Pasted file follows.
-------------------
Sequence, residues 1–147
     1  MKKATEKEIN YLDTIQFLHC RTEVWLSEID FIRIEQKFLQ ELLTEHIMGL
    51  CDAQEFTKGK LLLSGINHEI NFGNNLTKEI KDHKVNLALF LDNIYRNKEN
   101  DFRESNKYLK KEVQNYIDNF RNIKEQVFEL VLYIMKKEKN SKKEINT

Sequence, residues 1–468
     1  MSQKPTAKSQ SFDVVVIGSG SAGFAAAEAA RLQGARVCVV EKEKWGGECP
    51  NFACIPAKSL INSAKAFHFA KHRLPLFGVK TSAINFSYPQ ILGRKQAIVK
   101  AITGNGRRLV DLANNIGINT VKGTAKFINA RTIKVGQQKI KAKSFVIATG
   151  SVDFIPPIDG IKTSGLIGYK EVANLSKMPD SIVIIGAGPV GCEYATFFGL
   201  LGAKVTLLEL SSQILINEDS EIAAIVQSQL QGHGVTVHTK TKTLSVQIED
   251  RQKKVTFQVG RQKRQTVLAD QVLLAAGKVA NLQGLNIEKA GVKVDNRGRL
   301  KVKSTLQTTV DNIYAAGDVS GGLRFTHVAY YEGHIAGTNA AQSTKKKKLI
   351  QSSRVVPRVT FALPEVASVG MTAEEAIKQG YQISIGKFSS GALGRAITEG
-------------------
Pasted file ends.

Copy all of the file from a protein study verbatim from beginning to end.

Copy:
Sequence, residues 1–147
     1  MKKATEKEIN YLDTIQFLHC RTEVWLSEID FIRIEQKFLQ ELLTEHIMGL
    51  CDAQEFTKGK LLLSGINHEI NFGNNLTKEI KDHKVNLALF LDNIYRNKEN
   101  DFRESNKYLK KEVQNYIDNF RNIKEQVFEL VLYIMKKEKN SKKEINT

Sequence, residues 1–468
     1  MSQKPTAKSQ SFDVVVIGSG SAGFAAAEAA RLQGARVCVV EKEKWGGECP
    51  NFACIPAKSL INSAKAFHFA KHRLPLFGVK TSAINFSYPQ ILGRKQAIVK
   101  AITGNGRRLV DLANNIGINT VKGTAKFINA RTIKVGQQKI KAKSFVIATG
   151  SVDFIPPIDG IKTSGLIGYK EVANLSKMPD SIVIIGAGPV GCEYATFFGL
   201  LGAKVTLLEL SSQILINEDS EIAAIVQSQL QGHGVTVHTK TKTLSVQIED
   251  RQKKVTFQVG RQKRQTVLAD QVLLAAGKVA NLQGLNIEKA GVKVDNRGRL
   301  KVKSTLQTTV DNIYAAGDVS GGLRFTHVAY YEGHIAGTNA AQSTKKKKLI
   351  QSSRVVPRVT FALPEVASVG MTAEEAIKQG YQISIGKFSS GALGRAITEG